I like it when a ballplayer gets good and fired up. I've mentioned a number of times that's something I think this Mets team could use - whether it's a brawl or just someone getting the team to act like they care.
It's not just the Mets - it's all around baseball. Last night, the Marlins lost to the Rockies 18-17. I saw a bit of the seventh inning, when the Marlins led 17-12. Logan Kensing was brought in with two men on, and I think no one out. He had nothing. Absolutely nothing. He walked the first batter he faced, loading the bases for Matt Holliday. Then he grooved one and Holliday hit it out. And then he proceeded to give up another base hit. He just kept grooving it in there. How about going high and tight on someone? No one ever does that anymore.
So I think there needs to be more emotion. Somewhere between Willie Randolph, whose greatest show of emotion was a glare from the dugout, and the likes of Joba Chamberlain and Jonathan Papelbon, who overdo it a little bit. A happy medium would be nice.
In the past week or so, though, there have been four instances of the type of emotion you would like to see out of a ballplayer, but in the wrong scenarios and for the wrong reasons. Let me break them down for you:
Shawn Chacon - Chacon was released by the Astros after allegedly throwing his general manager to the ground and then almost beating him up. This all apparently happened because Chacon was being summoned into the manager's office...although some reports indicate that while Chacon wasn't in the right, GM Ed Wade didn't necessarily handle himself in the most professional manner. (Speaking of unprofessional - the MLB Players' Union filed a grievance over this....what a joke.)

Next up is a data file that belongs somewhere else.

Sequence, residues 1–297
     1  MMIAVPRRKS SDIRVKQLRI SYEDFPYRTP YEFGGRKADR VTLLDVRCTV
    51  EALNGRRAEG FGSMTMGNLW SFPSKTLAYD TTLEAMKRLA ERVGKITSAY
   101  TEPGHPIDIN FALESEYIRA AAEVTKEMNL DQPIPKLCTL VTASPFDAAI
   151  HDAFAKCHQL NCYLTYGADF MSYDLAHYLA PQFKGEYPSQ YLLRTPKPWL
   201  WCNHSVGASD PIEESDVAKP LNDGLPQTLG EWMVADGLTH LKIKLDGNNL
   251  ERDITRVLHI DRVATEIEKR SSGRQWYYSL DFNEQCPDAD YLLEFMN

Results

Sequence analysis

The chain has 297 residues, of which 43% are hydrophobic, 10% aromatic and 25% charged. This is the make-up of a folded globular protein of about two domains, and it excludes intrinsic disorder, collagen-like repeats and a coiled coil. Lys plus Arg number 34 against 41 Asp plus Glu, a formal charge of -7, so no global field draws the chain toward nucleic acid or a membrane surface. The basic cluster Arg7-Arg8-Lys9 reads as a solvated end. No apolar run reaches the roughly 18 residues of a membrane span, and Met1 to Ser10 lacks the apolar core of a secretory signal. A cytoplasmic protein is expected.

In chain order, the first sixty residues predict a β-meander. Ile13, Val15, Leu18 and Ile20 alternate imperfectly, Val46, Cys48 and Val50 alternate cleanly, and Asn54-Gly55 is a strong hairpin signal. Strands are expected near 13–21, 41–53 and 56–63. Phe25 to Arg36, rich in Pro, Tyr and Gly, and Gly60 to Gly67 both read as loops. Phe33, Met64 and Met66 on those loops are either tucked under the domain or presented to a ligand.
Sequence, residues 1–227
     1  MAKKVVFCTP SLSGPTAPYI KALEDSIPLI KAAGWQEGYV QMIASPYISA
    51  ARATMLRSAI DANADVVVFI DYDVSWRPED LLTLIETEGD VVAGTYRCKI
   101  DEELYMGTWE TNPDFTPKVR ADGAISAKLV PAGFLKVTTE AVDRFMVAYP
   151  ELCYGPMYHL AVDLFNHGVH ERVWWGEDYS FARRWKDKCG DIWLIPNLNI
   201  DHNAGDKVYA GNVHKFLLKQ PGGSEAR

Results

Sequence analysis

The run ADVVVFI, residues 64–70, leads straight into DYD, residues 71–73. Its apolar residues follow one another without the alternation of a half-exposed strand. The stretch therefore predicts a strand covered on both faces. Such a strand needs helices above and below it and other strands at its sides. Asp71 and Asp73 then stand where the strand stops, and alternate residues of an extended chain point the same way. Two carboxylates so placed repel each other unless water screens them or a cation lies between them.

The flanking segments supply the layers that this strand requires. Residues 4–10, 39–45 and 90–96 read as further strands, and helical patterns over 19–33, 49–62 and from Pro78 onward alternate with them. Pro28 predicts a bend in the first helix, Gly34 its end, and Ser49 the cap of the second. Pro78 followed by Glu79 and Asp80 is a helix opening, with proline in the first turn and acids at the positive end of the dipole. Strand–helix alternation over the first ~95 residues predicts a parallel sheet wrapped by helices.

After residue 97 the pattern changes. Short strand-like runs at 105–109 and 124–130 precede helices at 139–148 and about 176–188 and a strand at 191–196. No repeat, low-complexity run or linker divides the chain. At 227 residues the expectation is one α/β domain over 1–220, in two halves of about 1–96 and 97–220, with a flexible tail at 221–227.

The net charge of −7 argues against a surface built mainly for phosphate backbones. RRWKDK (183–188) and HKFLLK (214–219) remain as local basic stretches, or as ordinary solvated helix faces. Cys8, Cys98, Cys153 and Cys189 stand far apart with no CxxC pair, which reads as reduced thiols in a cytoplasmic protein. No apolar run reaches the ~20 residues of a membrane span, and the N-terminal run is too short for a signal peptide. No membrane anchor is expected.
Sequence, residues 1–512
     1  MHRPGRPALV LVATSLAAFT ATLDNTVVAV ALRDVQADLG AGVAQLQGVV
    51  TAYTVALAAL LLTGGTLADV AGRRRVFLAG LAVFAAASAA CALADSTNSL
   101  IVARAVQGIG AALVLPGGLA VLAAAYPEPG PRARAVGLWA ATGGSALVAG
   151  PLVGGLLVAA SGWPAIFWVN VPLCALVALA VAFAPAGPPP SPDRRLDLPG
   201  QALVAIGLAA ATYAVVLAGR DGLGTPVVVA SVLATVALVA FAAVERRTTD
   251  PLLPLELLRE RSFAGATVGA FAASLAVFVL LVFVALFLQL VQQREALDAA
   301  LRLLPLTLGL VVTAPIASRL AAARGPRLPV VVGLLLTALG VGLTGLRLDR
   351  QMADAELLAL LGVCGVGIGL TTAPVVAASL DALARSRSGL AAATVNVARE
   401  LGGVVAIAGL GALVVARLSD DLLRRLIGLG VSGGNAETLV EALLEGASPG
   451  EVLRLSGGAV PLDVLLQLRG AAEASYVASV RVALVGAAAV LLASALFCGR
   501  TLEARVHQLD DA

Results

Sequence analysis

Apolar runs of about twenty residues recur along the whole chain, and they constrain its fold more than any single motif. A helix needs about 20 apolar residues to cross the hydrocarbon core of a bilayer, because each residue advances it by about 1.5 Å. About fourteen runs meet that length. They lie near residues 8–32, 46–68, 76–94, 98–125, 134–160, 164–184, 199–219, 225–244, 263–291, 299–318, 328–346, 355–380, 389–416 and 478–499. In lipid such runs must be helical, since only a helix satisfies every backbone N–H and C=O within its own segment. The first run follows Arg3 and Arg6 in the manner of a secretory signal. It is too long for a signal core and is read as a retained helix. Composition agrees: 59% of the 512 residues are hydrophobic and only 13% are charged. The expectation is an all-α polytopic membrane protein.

Regardless, there's no excuse for assaulting your boss. I don't care how unhappy you are with your own performance, or how the club is handling your situation - this is not the place for this kind of behavior.
Manny Ramirez - Manny was "Being Manny" (one of the worst aphorisms [am I using 'aphorism' correctly?] since 'it is what it is') last week, shoving the Red Sox's traveling secretary in a dispute over Ramirez's ticket allotment while the team was in Houston. First of all, is there something in the water in Houston? Secondly, it's like this never happened - there has been a murmur about it, but hardly an uproar. Thirdly, this is the second internal incident of its kind involving Ramirez...but no one seems to be putting two and two together here. Remember in the game where the Sox and Rays fought, there was a dugout incident between Manny and Kevin Youkilis? All reports after that indicated that Youkilis was the one who was at fault, because he threw equipment around or something, and Ramirez asked him to stop. Well, Youkilis isn't the one going around shoving 65-year-olds.